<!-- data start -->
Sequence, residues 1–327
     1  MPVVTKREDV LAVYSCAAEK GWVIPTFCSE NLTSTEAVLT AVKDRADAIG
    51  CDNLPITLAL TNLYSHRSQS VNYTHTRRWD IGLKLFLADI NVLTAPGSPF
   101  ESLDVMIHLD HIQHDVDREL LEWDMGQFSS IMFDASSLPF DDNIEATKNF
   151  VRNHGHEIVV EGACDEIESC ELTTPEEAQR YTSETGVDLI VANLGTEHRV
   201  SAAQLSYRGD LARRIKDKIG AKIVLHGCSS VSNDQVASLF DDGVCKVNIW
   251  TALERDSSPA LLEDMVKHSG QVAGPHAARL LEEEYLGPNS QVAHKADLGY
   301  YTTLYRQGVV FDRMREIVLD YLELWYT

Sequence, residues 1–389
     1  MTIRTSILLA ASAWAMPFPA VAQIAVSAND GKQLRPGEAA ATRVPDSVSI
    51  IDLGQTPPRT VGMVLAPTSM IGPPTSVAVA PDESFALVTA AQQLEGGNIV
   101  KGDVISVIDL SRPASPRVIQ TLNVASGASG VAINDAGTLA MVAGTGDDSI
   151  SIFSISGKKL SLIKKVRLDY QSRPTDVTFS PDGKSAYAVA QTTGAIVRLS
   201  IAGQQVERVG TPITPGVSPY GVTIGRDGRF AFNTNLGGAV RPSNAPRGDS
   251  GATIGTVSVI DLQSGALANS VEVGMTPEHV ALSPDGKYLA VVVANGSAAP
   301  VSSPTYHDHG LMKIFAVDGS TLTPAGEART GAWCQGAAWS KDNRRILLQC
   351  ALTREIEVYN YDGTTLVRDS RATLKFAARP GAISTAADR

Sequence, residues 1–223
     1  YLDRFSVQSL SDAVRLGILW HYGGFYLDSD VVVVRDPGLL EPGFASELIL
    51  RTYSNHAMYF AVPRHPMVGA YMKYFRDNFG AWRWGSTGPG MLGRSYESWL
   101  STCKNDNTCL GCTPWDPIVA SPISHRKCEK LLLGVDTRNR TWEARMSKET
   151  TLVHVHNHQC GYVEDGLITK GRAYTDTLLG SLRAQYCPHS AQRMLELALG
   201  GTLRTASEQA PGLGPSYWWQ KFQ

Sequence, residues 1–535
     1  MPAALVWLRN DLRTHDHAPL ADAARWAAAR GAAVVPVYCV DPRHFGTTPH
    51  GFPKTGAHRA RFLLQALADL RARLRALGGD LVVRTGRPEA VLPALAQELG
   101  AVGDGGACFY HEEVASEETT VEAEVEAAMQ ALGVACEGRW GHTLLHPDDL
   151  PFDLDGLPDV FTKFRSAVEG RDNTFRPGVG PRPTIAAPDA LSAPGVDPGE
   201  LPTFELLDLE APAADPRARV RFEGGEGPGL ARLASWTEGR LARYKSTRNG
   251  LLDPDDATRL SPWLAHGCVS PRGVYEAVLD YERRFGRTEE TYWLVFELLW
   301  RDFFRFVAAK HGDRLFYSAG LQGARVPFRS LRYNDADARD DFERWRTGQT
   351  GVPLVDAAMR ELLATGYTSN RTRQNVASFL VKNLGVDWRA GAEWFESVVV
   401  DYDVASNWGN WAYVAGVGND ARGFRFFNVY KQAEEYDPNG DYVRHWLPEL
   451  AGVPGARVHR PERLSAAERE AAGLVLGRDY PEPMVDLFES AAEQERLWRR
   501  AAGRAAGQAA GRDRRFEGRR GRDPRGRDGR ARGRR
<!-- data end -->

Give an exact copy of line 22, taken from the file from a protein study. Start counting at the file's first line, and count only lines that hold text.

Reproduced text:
   151  TLVHVHNHQC GYVEDGLITK GRAYTDTLLG SLRAQYCPHS AQRMLELALG